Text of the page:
Rubbina Shaheen, from Worthen, near Shrewsbury, and Tracy Felstead, from Telford, were told the news following two days of deliberations by the Criminal Cases Review Commission.
Mrs Shaheen, 54, was jailed for 12 months in 2010 for false accounting after £43,500 allegedly went missing from the Greenfields Post Office branch where she was sub-postmistress.
Miss Felstead, 37, was jailed for six months in 2001 after being convicted of stealing £11,500 from a branch in London where she was working as a counter clerk.
They are among 39 former post office workers who have had their convictions referred to the Court of Appeal. A further 22 cases are still being considered by the Commission.
Mrs Shaheen said: "It feels as if a burden has been lifted off my shoulders.
"I feel so happy, I can't explain. My name has been cleared."
Miss Felstead, who was just 19 years old at the time of her conviction said she was feeling emotional about the news.
"I have waited my whole adult life for this, it's over now, it means I can now go and move on with my life. It all feels a little bit surreal."
Miss Felstead, of Bournside Close, Brookside, was told in December that she would receive a share of a £57.75 million payout after the Post Office agreed to pay an out-of-court settlement to end a trial in the High Court.
She was one of more than 550 former post office workers who lodged a group action with the High Court claiming they had been wrongly blamed for shortfalls which had been caused by a glitch with the Post Office's Horizon database.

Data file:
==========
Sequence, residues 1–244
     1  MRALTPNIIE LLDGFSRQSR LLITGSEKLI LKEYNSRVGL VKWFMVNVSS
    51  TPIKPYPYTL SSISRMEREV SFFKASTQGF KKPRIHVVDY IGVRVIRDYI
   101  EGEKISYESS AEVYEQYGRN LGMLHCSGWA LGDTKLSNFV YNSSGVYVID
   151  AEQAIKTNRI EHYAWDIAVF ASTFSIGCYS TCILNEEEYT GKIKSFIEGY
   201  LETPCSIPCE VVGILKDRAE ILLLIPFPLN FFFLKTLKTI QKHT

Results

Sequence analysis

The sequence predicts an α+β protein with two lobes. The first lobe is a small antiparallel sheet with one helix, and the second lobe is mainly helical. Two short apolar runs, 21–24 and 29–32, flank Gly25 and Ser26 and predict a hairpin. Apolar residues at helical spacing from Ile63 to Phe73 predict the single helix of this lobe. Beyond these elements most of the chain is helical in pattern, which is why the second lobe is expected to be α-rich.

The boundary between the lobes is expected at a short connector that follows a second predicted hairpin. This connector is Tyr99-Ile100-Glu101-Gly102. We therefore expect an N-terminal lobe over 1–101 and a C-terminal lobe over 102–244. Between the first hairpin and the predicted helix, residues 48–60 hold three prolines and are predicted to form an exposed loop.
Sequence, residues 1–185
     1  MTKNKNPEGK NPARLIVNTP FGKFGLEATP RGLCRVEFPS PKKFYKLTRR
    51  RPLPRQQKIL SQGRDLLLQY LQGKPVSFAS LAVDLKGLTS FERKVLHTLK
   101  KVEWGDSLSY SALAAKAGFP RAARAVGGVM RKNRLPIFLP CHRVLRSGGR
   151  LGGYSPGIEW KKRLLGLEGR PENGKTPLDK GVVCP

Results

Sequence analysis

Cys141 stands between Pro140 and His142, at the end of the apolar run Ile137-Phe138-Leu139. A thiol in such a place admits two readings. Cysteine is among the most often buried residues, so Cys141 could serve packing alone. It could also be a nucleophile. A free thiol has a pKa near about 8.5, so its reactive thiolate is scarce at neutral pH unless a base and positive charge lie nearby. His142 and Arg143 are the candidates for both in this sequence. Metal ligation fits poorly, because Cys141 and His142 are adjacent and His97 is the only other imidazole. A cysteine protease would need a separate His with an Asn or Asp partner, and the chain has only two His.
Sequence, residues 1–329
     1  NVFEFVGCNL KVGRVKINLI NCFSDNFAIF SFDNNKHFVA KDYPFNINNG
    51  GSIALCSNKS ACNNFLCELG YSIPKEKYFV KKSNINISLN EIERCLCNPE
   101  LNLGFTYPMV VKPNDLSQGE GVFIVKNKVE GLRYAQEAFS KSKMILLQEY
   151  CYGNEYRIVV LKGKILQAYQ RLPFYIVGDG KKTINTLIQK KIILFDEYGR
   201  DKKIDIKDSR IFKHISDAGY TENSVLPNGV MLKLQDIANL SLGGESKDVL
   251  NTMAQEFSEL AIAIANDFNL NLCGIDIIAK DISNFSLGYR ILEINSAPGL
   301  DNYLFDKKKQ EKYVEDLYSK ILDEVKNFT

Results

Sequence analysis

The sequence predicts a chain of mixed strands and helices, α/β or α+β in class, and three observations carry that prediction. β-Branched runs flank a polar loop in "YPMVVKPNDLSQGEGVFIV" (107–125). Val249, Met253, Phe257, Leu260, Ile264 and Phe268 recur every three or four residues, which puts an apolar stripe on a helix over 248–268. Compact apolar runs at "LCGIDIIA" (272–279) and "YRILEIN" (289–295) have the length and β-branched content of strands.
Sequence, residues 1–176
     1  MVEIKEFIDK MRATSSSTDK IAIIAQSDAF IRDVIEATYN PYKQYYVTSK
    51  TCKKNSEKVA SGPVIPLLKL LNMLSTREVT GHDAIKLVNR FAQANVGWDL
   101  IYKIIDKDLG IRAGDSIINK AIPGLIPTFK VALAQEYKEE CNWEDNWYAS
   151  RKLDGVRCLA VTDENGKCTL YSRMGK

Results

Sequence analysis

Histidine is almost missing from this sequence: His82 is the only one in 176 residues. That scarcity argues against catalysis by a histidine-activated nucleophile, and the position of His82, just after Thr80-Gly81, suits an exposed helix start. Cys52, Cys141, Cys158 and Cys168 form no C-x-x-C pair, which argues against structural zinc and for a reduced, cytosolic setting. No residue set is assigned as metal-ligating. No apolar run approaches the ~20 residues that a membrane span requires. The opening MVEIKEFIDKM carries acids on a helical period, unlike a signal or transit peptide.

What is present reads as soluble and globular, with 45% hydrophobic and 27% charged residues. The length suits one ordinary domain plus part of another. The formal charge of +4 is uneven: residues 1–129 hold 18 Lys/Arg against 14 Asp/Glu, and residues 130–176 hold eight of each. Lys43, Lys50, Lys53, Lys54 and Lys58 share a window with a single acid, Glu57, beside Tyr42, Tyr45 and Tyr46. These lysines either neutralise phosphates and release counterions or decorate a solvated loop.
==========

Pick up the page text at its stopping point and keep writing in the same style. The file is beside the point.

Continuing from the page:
High Court judge Mr Justice Fraser ruled in December that a computer glitch could have led to the discrepancies.
He also wrote to the Director of Public Prosecutions Max Hill QC asking him to consider whether action should be brought against employees of computer giant Fujitsu, which developed the Horizon system. He said his concerns related to the evidence given by Fujitsu staff in previous court hearings.
The Post Office agreed to make the £57.75 million payout to bring the High Court proceedings to an end, but concerns have been expressed that most of this will go on legal costs.
Lucy Allan, MP for Telford, who described the jail terms as a 'national scandal', welcomed the news.
"This is fantastic news," she said. "The Post Office had said few, if any, would be referred.
"We're getting closer to justice thanks to so many brilliant campaigners."
Mrs Shaheen and Miss Felstead will now have to wait news of when their appeals will be held.